Magical Thing #3 was the poke restaurant we discovered, which had macaron ice cream sandwiches. They exist, guys. They exist. And you have not lived until you have tasted one.

Then came the biggest Magical Thing of all. No, it wasn’t getting pictures with both Mickey and Minne Mouse without even waiting in line (though that was pretty rad, too). No, it wasn’t the part where Star Tours was better than ever, and Soarin’ Around the World was better than ever, and Radiator Springs Racers was our favorite new ride and well worth the wait. Nor was it seeing the Black Panther drive by, or meeting Captain America, who was fresh out of lectures, but had a funny story to share about his friend, Thor.

No, the most Magical Thing happened when we just happened to be strolling past the castle on Thursday afternoon. A woman tapped me on the shoulder and asked if our family would like to participate in a photo shoot to advertise the new A Wrinkle in Time film, which is coming out next month.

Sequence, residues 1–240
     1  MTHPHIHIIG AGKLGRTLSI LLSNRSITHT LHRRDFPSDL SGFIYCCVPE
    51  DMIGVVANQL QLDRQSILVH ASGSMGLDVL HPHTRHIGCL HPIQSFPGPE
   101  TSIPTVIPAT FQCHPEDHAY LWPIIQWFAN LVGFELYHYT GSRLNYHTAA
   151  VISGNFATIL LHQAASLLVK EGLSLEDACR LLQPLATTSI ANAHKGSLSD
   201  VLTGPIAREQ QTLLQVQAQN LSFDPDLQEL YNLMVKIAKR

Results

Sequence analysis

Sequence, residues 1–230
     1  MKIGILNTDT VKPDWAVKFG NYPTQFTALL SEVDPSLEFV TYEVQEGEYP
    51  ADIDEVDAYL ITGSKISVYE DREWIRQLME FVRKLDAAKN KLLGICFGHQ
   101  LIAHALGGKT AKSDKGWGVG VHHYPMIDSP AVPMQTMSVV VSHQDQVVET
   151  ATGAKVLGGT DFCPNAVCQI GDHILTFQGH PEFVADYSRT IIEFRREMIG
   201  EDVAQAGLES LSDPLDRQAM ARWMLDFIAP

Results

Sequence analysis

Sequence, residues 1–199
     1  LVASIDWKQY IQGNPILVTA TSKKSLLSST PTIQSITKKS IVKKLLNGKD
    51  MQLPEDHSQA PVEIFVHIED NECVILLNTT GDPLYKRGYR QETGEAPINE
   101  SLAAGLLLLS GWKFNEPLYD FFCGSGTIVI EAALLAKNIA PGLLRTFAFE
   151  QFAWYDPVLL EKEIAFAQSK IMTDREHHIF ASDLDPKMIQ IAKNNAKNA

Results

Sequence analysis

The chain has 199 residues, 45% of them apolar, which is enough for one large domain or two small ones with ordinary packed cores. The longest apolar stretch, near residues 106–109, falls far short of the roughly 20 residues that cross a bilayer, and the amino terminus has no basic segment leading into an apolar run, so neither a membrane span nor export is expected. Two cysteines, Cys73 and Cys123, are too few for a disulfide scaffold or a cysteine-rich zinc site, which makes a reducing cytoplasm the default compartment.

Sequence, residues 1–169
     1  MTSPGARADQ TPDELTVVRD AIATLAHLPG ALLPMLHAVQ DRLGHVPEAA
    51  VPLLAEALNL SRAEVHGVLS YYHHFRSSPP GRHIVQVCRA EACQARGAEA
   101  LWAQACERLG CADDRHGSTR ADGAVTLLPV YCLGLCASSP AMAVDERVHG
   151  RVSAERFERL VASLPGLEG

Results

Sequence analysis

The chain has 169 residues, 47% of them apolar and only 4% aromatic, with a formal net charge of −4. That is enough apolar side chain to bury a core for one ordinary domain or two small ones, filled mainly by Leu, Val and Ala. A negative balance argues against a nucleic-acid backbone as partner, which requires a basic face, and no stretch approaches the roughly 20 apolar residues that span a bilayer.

Would we! My son and I had already read the book and can’t wait until the movie is released. So naturally, we said yes. I signed a couple of wavers, then they handed us free t-shirts and directed us to a roped-off area, where we waited with about one hundred other Disneygoers. “Have your phones ready,” the woman advised me. I wondered why.

And then…it happened. The crowd around us erupted into huge cheers. Then they stepped up onto a podium a few feet in front of me — Reese Witherspoon, Mindy Kaling, Storm Reid, and the Queen herself, Oprah Winfrey. *Insert Screams*

Ohmigod! I was so starstruck, I forgot about the cameras snapping photos of us. Only the top of my head, and my hand, holding up my cell phone made it into the official shot (just to the right of Reese Witherspoon). But who cares? My kids and I got to be part of a very cool, very magical movie promotion along with some of the most talented and famous actresses ever. Eeeeeek! The entire experience took our level of Disney magic to a whole new level. In fact, I think we may have tessered right out of the park and straight to Neverland for a while. I’m still kind of floating there, as the pixie dust hasn’t yet worn off. How did we get so incredibly lucky?